This equates to 14.94% on average across 17 products or 29.88 times the K in the “chemical” fertilizers when compared to the organic samples (factoring in fertilizer sample number differences).



This becomes extremely important in interpreting the data. For instance, when measuring the CPM of potassium salt (food grade) at close distance with a Geiger counter, one-teaspoon worth is likely to register around 80-100 CPM.

 

Therefore, a good deal of the additional CPM registered from the “chemical” fertilizers would be potassium-40 (attributable to the beta and gamma radiation from potassium-40) at levels that wouldn’t pose any risk to people whatsoever. As Dr Cal Herrmann (PhD), head chemist at General Hydroponics, pointed out when discussing the study:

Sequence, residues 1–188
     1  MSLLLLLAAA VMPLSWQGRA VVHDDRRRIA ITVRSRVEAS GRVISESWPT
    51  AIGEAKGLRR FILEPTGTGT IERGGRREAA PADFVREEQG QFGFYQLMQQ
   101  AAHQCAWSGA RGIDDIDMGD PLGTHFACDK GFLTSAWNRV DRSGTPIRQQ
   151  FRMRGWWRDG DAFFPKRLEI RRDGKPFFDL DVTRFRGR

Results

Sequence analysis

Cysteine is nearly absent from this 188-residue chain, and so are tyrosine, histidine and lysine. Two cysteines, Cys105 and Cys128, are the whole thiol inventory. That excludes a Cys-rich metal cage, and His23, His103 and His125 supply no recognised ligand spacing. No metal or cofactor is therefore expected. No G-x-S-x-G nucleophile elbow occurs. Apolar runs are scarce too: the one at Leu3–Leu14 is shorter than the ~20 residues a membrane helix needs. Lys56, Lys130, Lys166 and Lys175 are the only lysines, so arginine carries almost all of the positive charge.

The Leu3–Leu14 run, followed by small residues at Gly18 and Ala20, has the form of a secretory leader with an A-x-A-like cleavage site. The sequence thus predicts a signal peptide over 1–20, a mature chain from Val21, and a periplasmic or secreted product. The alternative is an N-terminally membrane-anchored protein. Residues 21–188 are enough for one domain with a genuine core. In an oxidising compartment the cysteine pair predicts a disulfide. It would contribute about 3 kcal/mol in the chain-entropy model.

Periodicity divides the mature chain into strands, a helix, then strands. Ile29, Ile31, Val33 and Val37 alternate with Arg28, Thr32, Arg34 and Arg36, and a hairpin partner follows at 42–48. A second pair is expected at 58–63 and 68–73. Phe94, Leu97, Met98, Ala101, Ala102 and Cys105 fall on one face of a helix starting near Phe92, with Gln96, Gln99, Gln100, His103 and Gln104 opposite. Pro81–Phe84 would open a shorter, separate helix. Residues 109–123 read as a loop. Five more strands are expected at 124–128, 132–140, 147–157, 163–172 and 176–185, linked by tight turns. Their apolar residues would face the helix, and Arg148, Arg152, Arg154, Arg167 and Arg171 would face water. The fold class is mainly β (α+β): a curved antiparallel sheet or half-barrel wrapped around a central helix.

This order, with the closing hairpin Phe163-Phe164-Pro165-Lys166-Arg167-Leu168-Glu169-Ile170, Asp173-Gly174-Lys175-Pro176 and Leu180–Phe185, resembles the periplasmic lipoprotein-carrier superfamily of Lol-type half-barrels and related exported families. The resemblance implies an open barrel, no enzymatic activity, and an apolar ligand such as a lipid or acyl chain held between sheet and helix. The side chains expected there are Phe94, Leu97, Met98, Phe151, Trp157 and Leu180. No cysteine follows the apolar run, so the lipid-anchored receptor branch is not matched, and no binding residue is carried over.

“His table shows values of radioactivity for various fertilizers, which seems to be listed in the same order as the potassium content. The organic fertilizers containing little or no potassium list very low in radiation, and the chemical fertilizers containing naturally radioactive potassium give more of the potassium electron-radiation.”

What Dr Cal, perhaps, also should have mentioned, given the General Hydroponics Flora Grow reference at 400 CPM, is that much of this reading is likely related to water. I.e. hydrogen (H), has three naturally occurring isotopes, one of which (tritium) is radioactive, and water has the chemical symbol of H2O. I.e. a water molecule has two hydrogen atoms covalently bonded to a single oxygen atom.

Yet, another factor that is very noticeable (but seems to have been completely overlooked) is that the NPK values of the “chemical” fertilizers, in general, are far higher than the NPK values of the organic products. For instance, when evaluating the NPK averages in the organic fertilizers, of the seven products with known NPK values, excluding the unknown NPK DML Bird Guano a total combined average of 11.85 NPK presents, versus 17 “chemical” fertilizers with an average of 46.41 NPK or 3.916 times more NPK than the organic fertilizers.